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On the rise . Rower Mark Taylor returns the the Oamaru Harbour, where he took his first strokes in a boat. PHOTO: GUS PATTERSON

A lot can happen in a year – just ask Oamaru rower Mark Taylor.

Twelve months ago, he was laid out with glandular fever, an illness that persisted until it was properly identified last September.

But last week, he capped off an outstanding season by being named in the New Zealand under-23 rowing team.

“It was tough at the time, but those six weeks gave me the extra motivation to push as hard as I could this year,” Taylor said.

“Just not being able to do what I wanted to was really frustrating.

“I kept thinking I was being a bit soft and not working hard enough. It wasn’t until I got my blood tested that I realised what I had been dealing with.”

When Taylor returned to training, he effectively had to start from square one.

“My time on the rowing machine was significantly down, and I was lifting 50% lighter weights than I had been able to.”

As his health improved, so did the results, and he capped an impressive season by winning a gold medal in the men’s under-22 double sculls, and silver in the men’s coxless quad and men’s single sculls at the national championships last month.

The silver in the single sculls proved he was up to the level required to compete with the best.

“I was looking up to those guys [first, third and fourth placegetters] all season, and to beat two of them really proved to myself that I deserved to be there.”

It was a short turnaround for those chosen to trial for the national under-23 squad at Cambridge a week later.

“It was a lot different to prepare for. We had just given everything at the nationals, so had to balance recovery with training.”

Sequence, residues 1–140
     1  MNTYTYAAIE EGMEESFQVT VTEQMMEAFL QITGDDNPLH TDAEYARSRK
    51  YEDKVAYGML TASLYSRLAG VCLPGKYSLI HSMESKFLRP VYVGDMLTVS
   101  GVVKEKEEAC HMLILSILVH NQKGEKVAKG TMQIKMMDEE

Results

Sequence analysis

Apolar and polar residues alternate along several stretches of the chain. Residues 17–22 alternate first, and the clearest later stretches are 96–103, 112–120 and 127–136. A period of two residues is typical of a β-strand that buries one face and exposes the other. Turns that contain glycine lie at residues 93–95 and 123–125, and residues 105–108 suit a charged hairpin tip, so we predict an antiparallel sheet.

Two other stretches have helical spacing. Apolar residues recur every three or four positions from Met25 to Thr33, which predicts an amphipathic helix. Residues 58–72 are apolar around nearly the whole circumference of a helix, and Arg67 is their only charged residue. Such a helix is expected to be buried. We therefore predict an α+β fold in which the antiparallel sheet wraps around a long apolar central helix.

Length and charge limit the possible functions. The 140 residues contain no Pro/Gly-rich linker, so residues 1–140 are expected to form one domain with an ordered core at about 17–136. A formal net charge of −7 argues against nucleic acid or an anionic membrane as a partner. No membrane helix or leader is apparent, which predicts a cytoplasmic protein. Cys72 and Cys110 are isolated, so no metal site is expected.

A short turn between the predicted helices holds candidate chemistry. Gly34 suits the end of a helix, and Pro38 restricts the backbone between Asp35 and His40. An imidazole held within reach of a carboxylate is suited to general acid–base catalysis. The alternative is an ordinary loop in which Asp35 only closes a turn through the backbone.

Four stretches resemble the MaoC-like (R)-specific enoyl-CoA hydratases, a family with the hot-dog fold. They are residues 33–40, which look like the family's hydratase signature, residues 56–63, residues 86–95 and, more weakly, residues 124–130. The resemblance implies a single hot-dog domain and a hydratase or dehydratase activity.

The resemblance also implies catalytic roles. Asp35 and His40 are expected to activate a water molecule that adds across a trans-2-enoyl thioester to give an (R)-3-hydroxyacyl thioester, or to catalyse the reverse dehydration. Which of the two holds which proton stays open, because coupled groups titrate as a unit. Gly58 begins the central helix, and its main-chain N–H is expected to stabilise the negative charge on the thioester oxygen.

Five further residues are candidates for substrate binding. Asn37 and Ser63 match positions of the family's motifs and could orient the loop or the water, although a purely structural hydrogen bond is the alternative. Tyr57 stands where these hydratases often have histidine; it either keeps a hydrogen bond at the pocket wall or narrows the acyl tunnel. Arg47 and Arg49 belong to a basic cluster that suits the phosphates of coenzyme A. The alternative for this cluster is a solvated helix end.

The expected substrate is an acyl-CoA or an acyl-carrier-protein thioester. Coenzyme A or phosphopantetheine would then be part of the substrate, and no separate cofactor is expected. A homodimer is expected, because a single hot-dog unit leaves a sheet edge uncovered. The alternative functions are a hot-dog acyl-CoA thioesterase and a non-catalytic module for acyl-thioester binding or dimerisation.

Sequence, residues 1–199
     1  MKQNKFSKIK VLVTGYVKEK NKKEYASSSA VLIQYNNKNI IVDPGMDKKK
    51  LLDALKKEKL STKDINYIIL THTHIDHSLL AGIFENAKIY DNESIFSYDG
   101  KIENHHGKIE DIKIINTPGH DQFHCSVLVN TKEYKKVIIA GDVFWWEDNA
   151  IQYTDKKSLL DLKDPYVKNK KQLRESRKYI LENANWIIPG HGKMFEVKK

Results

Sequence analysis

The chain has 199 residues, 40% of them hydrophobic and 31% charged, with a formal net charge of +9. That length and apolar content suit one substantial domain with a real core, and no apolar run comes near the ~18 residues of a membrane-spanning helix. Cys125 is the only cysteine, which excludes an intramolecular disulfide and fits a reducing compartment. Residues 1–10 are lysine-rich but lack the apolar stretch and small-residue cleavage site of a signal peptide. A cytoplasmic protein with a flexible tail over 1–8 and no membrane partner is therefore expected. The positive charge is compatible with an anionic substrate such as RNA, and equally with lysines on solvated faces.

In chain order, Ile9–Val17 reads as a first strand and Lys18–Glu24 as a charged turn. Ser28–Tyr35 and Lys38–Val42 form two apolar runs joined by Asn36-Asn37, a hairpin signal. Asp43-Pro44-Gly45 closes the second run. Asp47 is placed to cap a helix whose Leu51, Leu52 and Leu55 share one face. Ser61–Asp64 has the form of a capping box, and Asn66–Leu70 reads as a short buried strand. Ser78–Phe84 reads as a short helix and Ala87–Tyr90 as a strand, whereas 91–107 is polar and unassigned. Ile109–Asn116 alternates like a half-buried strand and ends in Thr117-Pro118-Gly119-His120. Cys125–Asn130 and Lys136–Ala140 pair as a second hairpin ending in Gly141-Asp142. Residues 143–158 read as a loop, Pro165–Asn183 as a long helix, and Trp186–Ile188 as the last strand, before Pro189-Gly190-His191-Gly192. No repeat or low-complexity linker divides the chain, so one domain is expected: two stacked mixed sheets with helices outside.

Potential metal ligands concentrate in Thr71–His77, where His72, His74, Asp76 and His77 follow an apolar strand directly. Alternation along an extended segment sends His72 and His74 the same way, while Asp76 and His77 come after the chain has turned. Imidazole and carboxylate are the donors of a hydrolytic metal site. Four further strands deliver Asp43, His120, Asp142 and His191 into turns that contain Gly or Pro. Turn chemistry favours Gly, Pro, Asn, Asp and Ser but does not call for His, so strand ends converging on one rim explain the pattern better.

The process at the trial was designed to replicate the pressures of an international regatta, Taylor said.

“They want to see how you react under pressure.”

The first test was to row 2000m on a rowing machine as 15 selectors watched behind a glass wall, carefully examining technique and split times.

“It was really different and intimidating. Normally I would do that in a group situation.”

Unfazed, Taylor beat his personal-best to set a time of 5min 54.8sec, later finding out it was the best recorded in his group.

Over the week, he and the six other triallists completed a variety of tasks, and Taylor was relieved when he found out he was selected for the squad.

“I was stoked, but I also felt for the boys who didn’t make it, because I have been in their position before,” he said.

“It is the highest level I have reached, and it shows I am on the right track to achieve my goals.”

After the world under-23 championships, Taylor has his sights set on the 2024 Paris Olympics.

“It is a long way off, but I am confident I can put in the work to get there,” he said.

“I will be 24 then, which is often the peak age for a lot of rowers.”

His former coach, Owen Gould, said Taylor had “fulfilled his promise that was evident after his first years rowing.”

“As well as his physical talents, he has the ability to set goals and focus on them,” Gould said.

Taylor visited the Oamaru Rowing Club this week, a boost to North Otago’s secondary school rowers training for the Maadi Cup.

Last weekend’s South Island secondary schools regatta in Twizel was a successful one for them, and especially the St Kevin’s College under-18 novice coxed four girls –Annie Metcalf, Jamiee Trainor, Ruby Bradley, April Linares-Fontana and Ruby Macaulay – who came away with a gold medal.

Hannah Cunningham won bronze in the under-17 girls single sculls and had a victory with Yneka Edze in the B final in the girls under-18 double sculls.

Edze then went on to win the B finals of the girls under-16 double sculls with Sophia Linares-Fontana.